Measuring Americans' trust in government and technology

For the second time in two years, Federal Computer Week and the Pew Internet & American Life Project have conducted research on the federal government and the Internet.

The project funds research to explore the Internet's impact on American culture. The latest survey, conducted nearly two years after the Sept. 11, 2001, terrorist attacks, measured how much Americans trust the government to provide accurate and useful information in the event of another terrorist attack and how they want that information delivered.

The poll gathered Americans' opinions on technologies and communication systems, such as wireless phones, e-mail and public warning systems, that could alert them about a possible terrorist attack.

Princeton Survey Research Associates International conducted the poll by interviewing 1,001 adults who were at least 18 years old. The survey was conducted the week of Aug. 5 to 11, before the Blaster worm slowed millions of computers and before the electrical blackout shut down much of the Northeast.

Ivo Daalder, senior fellow at the Brookings Institution and coauthor of "Protecting the American Homeland: A Preliminary Analysis," provided in-depth analysis of the poll results.

Your comments on the project are welcome. Please send them to poll@fcw.com.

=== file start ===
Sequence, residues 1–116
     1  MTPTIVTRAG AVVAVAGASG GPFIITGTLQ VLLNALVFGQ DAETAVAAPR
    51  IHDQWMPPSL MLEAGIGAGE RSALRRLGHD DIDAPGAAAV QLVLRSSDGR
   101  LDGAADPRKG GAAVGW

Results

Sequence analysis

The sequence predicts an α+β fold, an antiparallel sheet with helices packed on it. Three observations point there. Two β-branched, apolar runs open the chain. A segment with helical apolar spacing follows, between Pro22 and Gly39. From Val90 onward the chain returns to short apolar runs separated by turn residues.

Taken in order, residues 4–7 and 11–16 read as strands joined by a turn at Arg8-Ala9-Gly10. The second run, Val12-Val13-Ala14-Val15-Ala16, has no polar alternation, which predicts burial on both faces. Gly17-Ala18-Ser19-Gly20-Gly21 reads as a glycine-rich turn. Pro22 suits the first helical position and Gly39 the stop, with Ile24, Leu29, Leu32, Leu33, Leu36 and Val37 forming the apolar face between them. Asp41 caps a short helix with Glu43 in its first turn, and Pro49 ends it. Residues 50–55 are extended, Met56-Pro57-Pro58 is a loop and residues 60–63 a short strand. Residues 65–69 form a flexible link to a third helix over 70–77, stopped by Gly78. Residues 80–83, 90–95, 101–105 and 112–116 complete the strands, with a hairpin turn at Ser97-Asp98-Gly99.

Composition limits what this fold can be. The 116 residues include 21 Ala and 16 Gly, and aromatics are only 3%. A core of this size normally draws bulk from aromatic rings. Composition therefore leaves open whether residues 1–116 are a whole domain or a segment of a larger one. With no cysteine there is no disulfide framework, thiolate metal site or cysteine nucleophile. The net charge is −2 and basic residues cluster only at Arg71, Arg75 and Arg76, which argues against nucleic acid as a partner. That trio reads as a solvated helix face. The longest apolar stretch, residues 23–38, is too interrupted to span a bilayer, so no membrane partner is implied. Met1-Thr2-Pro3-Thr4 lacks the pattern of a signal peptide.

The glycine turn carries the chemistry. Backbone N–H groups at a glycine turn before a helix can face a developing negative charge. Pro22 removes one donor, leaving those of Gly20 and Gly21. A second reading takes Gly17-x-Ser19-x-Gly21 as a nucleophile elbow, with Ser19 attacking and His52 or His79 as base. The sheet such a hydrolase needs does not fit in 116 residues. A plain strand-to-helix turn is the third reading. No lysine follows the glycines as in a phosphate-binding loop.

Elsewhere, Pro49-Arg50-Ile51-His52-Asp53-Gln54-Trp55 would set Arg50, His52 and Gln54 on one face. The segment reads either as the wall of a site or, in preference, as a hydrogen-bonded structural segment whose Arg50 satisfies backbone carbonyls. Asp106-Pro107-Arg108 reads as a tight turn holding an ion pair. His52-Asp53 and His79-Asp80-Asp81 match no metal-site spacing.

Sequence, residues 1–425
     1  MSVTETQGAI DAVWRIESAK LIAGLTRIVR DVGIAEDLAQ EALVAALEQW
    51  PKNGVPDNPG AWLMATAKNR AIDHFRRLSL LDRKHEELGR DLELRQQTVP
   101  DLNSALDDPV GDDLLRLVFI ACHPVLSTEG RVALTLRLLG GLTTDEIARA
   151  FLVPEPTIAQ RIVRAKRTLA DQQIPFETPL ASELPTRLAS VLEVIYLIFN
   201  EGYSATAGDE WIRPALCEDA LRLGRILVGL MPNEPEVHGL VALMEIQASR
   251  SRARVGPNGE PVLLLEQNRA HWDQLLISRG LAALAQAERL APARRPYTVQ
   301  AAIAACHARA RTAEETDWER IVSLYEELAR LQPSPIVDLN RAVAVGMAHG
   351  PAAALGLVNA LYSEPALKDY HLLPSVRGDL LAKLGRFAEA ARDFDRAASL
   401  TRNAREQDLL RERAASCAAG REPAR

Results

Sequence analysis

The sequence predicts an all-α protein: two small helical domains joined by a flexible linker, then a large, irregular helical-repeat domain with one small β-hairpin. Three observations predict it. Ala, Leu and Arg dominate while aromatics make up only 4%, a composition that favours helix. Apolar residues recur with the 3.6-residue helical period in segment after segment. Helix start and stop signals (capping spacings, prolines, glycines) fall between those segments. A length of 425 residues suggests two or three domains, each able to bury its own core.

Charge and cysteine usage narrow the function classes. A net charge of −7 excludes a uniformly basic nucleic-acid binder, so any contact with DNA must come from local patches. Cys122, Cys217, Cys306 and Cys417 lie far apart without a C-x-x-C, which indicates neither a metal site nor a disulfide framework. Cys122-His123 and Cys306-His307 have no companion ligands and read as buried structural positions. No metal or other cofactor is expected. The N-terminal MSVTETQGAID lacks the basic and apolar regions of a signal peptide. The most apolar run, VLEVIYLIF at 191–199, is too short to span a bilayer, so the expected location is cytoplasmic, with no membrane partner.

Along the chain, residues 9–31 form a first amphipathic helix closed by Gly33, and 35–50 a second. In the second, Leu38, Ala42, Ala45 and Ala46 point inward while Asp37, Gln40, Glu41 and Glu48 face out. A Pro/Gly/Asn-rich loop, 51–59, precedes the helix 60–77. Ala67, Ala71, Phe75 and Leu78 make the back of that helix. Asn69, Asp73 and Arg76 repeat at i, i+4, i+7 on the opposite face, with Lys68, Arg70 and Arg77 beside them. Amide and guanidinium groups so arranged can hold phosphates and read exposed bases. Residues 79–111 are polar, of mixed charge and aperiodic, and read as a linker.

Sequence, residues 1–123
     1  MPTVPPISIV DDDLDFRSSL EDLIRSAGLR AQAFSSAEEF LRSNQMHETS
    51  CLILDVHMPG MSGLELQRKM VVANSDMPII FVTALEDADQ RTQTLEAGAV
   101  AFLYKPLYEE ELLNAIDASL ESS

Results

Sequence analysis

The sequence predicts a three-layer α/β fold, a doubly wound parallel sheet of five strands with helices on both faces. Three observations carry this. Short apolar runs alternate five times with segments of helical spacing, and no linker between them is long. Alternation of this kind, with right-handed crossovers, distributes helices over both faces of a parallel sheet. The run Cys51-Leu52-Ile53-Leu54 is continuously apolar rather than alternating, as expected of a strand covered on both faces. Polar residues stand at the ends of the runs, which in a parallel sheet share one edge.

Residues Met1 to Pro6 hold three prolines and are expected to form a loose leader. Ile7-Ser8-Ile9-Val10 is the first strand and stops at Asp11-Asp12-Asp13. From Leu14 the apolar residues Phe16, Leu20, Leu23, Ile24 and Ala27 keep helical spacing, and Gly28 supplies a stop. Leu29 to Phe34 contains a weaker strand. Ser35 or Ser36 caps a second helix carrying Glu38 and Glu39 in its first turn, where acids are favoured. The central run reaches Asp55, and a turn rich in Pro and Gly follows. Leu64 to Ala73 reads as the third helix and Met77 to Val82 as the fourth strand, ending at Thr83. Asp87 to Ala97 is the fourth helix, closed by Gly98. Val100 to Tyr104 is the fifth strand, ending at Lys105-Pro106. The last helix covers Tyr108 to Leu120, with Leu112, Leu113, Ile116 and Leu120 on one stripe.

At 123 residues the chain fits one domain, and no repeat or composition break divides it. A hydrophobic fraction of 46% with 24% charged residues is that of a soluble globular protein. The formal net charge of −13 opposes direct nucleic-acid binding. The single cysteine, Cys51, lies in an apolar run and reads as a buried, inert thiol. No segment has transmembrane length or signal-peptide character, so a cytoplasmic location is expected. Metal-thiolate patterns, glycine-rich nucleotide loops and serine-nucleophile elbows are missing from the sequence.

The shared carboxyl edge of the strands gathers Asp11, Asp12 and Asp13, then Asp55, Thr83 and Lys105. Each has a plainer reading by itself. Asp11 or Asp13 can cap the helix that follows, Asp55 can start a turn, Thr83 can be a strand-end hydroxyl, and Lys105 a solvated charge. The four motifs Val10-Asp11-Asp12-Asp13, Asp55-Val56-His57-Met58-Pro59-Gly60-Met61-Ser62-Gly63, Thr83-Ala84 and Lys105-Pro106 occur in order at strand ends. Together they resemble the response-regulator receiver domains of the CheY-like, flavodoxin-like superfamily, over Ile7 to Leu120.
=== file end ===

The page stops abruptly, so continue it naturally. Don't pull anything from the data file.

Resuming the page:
Featured

  • FCW PERSPECTIVES
    sensor network (agsandrew/Shutterstock.com)

    Are agencies really ready for EIS?

    The telecom contract has the potential to reinvent IT infrastructure, but finding the bandwidth to take full advantage could prove difficult.

  • People
    Dave Powner, GAO

    Dave Powner audits the state of federal IT

    The GAO director of information technology issues is leaving government after 16 years. On his way out the door, Dave Powner details how far govtech has come in the past two decades and flags the most critical issues he sees facing federal IT leaders.

  • FCW Illustration.  Original Images: Shutterstock, Airbnb

    Should federal contracting be more like Airbnb?

    Steve Kelman believes a lighter touch and a bit more trust could transform today's compliance culture.

Stay Connected

FCW Update

Sign up for our newsletter.

I agree to this site's Privacy Policy.